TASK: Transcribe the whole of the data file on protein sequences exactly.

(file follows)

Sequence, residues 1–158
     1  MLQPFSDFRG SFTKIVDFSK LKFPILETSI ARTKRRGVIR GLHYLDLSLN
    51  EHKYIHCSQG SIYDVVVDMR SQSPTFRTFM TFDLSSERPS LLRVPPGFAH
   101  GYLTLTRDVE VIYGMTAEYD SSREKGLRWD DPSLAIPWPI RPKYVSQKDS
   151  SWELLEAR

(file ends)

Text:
Sequence, residues 1–158
     1  MLQPFSDFRG SFTKIVDFSK LKFPILETSI ARTKRRGVIR GLHYLDLSLN
    51  EHKYIHCSQG SIYDVVVDMR SQSPTFRTFM TFDLSSERPS LLRVPPGFAH
   101  GYLTLTRDVE VIYGMTAEYD SSREKGLRWD DPSLAIPWPI RPKYVSQKDS
   151  SWELLEAR